The point of contention apparently rests on how Cebu City officials interpreted the opinion. They believed the “clean” opinion meant that COA had found all of its 2020 transactions “over the edge”. Mayor Labella’s response to the news must have been prompted by information and advice from key staff. And the municipal administrator Casas and the PIO, no later than last Thursday, July 15, pushed this line again with the argument that the “clean” opinion means that the explanation and the corrections of the town hall have already been accepted by the COA. (This is not the case, as Mendoza explains.)

It would be reckless, even stupid, if they knowingly misinterpreted, as the facts of the audit could be verified and denied.

[6] Was it wrong for LGUs, like Cebu City and Liloan Town, to claim victory for “clean opinion”? Are the observations of the COA indicating certain projects and certain transactions an automatic proof of irregularity?

No, it was not undeserved; honor must have been hard earned. Meeting COA requirements and other government rules is no easy task, given the track record of former mayors, in Cebu in particular, who have fared badly or even failed (with ratings ranging from qualified to unfavorable).

And a project or transaction reported by COA does not automatically make it irregular or abnormal. The LGU is not yet charged with wrongdoing. He can still explain and make corrections. The COA’s findings are not yet proof of a crime, but they may lead to its exposure.

[7] Did the media err in breaking the story without verifying for its readers what the “unmodified” or “clean” opinion of the COA meant?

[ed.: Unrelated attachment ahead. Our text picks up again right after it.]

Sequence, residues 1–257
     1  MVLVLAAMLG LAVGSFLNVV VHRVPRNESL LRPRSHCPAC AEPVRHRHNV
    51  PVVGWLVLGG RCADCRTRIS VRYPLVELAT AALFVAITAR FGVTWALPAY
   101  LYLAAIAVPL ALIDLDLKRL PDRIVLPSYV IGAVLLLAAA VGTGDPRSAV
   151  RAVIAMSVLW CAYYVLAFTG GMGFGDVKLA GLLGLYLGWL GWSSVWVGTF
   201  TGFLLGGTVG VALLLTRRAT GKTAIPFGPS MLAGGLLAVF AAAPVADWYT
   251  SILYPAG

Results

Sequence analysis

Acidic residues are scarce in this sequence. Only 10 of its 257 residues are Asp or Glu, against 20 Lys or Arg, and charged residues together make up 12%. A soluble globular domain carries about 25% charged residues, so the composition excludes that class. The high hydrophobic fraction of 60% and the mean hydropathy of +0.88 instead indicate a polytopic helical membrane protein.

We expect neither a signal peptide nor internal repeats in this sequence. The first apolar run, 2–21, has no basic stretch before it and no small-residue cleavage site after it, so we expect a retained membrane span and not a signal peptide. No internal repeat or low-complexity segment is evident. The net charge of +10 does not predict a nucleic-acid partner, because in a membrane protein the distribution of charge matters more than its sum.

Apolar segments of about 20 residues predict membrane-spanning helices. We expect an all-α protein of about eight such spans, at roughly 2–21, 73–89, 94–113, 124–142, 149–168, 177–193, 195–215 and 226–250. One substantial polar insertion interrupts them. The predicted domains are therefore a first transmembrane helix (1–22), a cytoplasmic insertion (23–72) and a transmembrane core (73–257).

Two reports (one after the other, July 8 and 10) in the two Cebu newspapers do not constitute complete local media coverage, unless SunStar and Freeman are counted as Cebu media and the two reports were the only basis.

A day or two of release does not constitute complete coverage of an ongoing story, which moves and evolves after Day 1. With digital media of news, due cycles keep spinning, giving bodies to information a chance to correct the erroneous or deficient report, of the catch-up, as some editors say.

The ideal was to immediately explain what “opinion” or “remark” means, where COA is based, but the agency is not exactly known to be open or talkative. The full report was posted on its website a week or more after the story was published. Newspapers and other media had to release the town hall’s source statement, knowing that a follow-up story could correct a source error.

SunStar’s warning, via an Explainer, came out two days after the newspaper printed a town hall press release on the COA’s opinion. This explanatory story comes out five days after the first Explanator on the matter and eight days after the mayor marveled at the feat.

News organizations were careful not to immediately use leaked documents that had no legitimate source to hang on to. They waited for the full report to be posted on the ACO website and for more information to become available.